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Eviction for rent arrears

About eviction for rent arrears

If you have rent arrears, your landlord will probably try and evict you. This is called seeking possession.

If they want to seek possession, most landlords must follow a certain procedure. This involves giving you a written notice.

Getting a notice doesn’t always mean you will have to leave your home. In most cases your landlord still has to get a court order before they can evict you and they can’t apply for a court order until the notice period has run out. The court order is called a possession order.

If you don’t leave by the date on the possession order, they will need to get a warrant of possession, allowing the bailiffs to come and evict you.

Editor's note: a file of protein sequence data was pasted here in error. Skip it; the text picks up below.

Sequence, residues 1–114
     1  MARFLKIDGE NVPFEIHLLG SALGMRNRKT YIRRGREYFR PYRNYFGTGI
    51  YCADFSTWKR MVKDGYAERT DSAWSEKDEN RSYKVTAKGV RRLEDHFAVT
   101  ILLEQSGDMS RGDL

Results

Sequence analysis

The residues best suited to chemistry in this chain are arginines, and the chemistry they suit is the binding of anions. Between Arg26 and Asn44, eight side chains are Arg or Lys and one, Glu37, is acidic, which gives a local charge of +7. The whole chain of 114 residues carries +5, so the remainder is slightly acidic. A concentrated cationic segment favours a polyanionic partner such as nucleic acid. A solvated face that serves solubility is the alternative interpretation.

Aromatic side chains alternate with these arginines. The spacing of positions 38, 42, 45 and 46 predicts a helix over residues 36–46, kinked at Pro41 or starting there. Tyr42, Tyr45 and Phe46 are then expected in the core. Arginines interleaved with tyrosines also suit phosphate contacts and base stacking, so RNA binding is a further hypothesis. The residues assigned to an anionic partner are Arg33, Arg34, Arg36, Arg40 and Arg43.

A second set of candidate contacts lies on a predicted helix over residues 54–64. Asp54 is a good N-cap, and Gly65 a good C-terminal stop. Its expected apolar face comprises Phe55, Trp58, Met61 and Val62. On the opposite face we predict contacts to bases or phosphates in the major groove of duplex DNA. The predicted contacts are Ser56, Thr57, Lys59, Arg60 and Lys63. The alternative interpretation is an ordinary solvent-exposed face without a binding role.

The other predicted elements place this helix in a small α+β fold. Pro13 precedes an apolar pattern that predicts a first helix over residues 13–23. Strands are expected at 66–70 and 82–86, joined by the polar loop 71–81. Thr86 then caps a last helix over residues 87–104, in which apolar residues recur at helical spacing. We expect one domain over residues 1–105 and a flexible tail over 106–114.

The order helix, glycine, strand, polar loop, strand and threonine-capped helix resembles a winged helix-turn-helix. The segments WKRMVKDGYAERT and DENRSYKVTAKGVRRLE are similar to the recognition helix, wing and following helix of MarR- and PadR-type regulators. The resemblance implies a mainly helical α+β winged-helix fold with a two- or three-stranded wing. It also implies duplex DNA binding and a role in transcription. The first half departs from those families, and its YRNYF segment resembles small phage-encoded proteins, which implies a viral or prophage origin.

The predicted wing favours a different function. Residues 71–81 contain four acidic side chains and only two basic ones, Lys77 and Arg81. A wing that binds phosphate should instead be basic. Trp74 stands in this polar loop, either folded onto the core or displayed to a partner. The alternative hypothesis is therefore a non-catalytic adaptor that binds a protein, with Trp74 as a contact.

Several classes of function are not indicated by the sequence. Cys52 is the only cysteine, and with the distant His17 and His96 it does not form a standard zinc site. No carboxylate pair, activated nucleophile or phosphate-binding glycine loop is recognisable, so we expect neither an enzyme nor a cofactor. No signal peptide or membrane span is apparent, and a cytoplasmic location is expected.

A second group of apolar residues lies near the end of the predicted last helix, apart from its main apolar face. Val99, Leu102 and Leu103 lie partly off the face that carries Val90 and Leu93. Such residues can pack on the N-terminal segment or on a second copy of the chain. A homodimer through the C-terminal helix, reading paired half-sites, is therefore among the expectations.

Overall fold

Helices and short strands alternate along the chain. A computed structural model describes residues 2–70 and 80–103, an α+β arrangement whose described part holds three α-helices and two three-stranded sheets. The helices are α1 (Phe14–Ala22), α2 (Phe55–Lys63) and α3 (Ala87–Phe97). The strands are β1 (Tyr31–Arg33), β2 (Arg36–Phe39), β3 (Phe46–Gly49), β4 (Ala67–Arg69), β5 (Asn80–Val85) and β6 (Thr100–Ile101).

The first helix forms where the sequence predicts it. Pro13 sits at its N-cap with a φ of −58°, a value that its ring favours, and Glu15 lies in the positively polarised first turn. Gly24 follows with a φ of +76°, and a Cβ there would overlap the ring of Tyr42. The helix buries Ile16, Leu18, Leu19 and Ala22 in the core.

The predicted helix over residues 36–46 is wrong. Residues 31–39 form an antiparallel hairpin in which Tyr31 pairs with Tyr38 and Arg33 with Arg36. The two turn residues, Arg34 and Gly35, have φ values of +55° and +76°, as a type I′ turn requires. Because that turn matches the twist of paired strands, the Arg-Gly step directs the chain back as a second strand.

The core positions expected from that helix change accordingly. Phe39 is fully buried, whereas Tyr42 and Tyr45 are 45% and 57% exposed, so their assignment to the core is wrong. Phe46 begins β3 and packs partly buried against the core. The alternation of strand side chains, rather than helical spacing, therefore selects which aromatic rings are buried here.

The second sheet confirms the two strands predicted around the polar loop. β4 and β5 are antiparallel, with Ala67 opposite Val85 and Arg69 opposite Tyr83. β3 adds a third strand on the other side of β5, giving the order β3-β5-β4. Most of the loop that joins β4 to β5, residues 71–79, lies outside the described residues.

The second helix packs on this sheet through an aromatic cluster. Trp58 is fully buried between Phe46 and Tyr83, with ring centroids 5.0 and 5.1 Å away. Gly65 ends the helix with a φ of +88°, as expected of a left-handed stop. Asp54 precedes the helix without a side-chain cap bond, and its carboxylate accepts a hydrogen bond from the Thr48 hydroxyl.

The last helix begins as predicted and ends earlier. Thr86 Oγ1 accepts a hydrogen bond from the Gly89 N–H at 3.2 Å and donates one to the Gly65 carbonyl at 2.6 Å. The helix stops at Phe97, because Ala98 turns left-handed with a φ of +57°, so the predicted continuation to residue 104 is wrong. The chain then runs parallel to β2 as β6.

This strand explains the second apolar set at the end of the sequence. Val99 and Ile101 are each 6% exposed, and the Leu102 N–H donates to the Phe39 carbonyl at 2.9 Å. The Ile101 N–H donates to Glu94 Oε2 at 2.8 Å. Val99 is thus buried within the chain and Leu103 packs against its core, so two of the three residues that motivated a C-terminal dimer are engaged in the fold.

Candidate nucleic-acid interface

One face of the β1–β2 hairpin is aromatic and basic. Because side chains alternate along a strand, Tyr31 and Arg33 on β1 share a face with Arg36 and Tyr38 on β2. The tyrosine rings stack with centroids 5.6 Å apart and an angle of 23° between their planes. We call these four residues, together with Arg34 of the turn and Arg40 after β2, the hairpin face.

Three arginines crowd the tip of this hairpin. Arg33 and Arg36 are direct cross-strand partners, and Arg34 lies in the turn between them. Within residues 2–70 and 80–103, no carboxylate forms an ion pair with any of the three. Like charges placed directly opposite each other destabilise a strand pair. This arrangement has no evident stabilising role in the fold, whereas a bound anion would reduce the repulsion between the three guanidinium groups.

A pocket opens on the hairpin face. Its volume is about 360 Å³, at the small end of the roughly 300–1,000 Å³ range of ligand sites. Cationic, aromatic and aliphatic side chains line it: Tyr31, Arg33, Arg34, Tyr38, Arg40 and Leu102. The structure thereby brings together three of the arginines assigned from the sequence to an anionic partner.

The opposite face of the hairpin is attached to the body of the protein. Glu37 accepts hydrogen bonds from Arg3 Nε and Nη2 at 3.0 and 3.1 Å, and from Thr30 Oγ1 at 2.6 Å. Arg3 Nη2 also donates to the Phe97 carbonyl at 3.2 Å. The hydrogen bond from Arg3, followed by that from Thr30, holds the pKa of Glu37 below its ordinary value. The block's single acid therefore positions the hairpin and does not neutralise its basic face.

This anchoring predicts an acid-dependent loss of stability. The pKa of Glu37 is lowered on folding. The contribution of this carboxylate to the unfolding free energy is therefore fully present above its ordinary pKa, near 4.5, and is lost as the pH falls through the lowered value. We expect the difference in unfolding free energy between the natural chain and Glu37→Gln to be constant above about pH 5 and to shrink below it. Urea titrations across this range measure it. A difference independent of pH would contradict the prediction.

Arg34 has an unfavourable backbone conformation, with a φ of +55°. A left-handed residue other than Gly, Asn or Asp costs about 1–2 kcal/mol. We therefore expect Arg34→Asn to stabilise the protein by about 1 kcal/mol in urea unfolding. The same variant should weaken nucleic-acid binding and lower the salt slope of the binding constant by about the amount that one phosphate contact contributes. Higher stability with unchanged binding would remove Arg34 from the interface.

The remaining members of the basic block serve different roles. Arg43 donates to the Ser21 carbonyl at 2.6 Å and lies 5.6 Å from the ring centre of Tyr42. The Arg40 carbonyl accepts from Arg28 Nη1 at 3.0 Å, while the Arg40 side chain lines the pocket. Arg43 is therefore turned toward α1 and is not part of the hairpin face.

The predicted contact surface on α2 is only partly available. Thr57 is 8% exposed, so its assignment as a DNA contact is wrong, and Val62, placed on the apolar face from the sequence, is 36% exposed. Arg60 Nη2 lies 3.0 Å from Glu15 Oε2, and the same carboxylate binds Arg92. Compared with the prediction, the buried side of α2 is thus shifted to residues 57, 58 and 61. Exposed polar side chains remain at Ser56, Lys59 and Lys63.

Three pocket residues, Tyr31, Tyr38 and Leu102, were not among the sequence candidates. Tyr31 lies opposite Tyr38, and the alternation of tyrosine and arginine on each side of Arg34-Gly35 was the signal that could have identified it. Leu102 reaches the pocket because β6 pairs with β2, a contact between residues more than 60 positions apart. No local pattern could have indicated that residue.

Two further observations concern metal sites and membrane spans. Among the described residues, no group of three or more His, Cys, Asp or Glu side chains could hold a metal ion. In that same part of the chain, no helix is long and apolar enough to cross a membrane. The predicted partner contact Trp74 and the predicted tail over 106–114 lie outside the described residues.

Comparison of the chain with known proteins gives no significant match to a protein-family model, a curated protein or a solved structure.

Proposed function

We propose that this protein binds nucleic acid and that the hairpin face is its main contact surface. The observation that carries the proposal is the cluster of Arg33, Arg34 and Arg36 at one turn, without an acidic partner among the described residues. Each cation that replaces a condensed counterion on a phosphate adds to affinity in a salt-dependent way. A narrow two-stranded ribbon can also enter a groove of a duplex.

However, there are some types of tenancy where your landlord doesn’t need to get a court order to evict you. These include tenants who live in the same accommodation as their landlord.

If you share accommodation with your landlord and they want to evict you, you should get advice from an expert housing adviser. You can get advice from your local Citizens Advice Bureau. To search for details of your local CAB, including those who can give advice by email, click on nearest CAB.

This page tells you what happens once your landlord has got a possession order to evict you and whether there’s anything you can do to stop the eviction going ahead.

For more information about what happens before your landlord has got a possession order, see You are taken to court for rent arrears.

If you are a private tenant, you might also want to look at Assured shorthold tenancies and rent arrears.

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Your landlord gets a possession order